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Wednesday 08 October, 2003

Office of Fair Trade

Marks and Spencer store cards

Office of Fair Trading
08 October 2003


128/03                                                            8 October 2003


                     CLEARER CARD CHOICE FOR CONSUMERS
          M&S agrees to amend conversion of store cards to credit cards


Marks and Spencer Financial Services plc (MSFS) has changed the way it will
offer to replace its store cards by the &More credit card after action by OFT.

MSFS had sent out letters to many card holders saying that its store card would
automatically be replaced by the &More credit card unless card holders objected.
Under section 51 of the Consumer Credit Act 1974 it is an offence to send a
credit token to a consumer unless it has been requested in writing.

MSFS considers that it was not contravening the law because it was not supplying
a new credit token but sending a replacement card as a result of a variation to
the existing store card agreement. The OFT view was that MSFS did not have the
right to change one type of card into another in this way.

MSFS has agreed to make changes to its plans. All store card holders being sent
the new &More card will now be told that, if they wish to keep their store card,
they need take no action. If they wish to replace the store card with the new
credit card, consumers must take positive action to activate it. This reduces
the element of inertia selling.

In addition, the OFT has challenged a standard term in the MSFS store card
agreement that purports to give MSFS an unrestricted unilateral right to change
the terms of the agreement. The OFT considers that this term was legally unfair
(see note 1). MSFS has, without accepting the OFT's view, given the OFT an
undertaking that it will amend the challenged term to limit its applicability.

The OFT is taking no further enforcement action at this time. It recognises that
there may be advantages to consumers in having the choice of replacing a store
card by a credit card with a lower APR as in this case.  The OFT also notes that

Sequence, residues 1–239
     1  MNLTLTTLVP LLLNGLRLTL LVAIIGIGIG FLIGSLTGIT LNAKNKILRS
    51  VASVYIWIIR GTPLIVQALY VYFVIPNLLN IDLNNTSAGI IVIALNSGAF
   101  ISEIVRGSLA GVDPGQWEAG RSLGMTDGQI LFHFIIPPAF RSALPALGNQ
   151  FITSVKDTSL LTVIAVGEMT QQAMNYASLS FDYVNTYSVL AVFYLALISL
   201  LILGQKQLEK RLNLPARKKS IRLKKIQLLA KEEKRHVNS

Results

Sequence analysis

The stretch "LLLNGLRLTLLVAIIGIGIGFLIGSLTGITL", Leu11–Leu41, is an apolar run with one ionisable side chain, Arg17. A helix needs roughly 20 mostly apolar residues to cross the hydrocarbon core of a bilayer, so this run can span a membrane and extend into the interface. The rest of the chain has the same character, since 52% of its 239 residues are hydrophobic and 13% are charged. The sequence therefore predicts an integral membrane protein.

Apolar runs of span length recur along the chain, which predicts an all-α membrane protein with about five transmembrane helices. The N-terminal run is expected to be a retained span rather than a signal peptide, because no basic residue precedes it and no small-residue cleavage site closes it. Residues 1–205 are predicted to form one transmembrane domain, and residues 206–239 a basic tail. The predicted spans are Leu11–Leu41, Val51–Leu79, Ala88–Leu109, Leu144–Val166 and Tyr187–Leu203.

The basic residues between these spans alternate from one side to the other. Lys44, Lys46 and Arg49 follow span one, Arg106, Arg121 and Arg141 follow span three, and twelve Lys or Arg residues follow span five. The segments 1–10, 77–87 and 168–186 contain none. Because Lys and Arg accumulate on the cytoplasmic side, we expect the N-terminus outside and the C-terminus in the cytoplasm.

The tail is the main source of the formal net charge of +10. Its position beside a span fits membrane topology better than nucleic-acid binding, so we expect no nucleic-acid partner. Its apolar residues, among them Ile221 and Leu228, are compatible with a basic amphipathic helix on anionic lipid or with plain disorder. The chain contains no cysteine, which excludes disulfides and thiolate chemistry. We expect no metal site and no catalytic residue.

MSFS, in line with principles of responsible lending, has taken care to make a
proper credit assessment of individual cardholders being invited to change to
the &More credit card and on deciding credit limits.

John Vickers, OFT Chairman said:

'Inertia selling of credit can have damaging consequences for consumers. In this
case Marks and Spencer Financial Services has agreed to take practical steps so
that consumers will move from store card to credit card only if they positively
make that choice.'


NOTES
     
1.   The Unfair Terms in Consumer Contracts Regulations (UTCCRs) came into force
     in 1999 (superseding the UTCCRs 1994) and apply to standard contract terms 
     used with consumers in contracts made after 1 July 1995. The UTCCRs protect 
     consumers against unfair standard terms in contracts they make with 
     traders.

     The OFT, together with certain other bodies, can take legal action to 
     prevent the use of potentially unfair terms. A term is unfair if it causes 
     a significant imbalance in the parties' rights and obligations under the 
     contract, to the detriment of consumers. Standard terms may be drafted to 
     protect commercial needs but must also take account of the interests and 
     rights of consumers by going no further than is necessary to protect those 
     legitimate commercial interests. An unfair term in a contract covered by 
     the UTCCRs is not binding on the consumer. Ultimately, only a court can 
     decide whether a term is unfair.
     
2.   Part 8 to the Enterprise Act 2002 came into force on 20 June 2003, 
     replacing the consumer provisions of the Fair Trading Act and the Stop Now
     Regulations. The Enterprise Act improves consumer protection by giving 
     enforcers strengthened powers to obtain court orders against traders that 
     breach a range of consumer legislation; controlling activities such as 
     misleading advertising, misleading price indications, lotteries, sale of 
     goods and services, underage sales, estate agency, misleading health 
     claims, trade descriptions, mock auctions, timeshare, unfair terms in 
     consumer contracts, doorstep selling, distance selling, package travel and 
     consumer credit.


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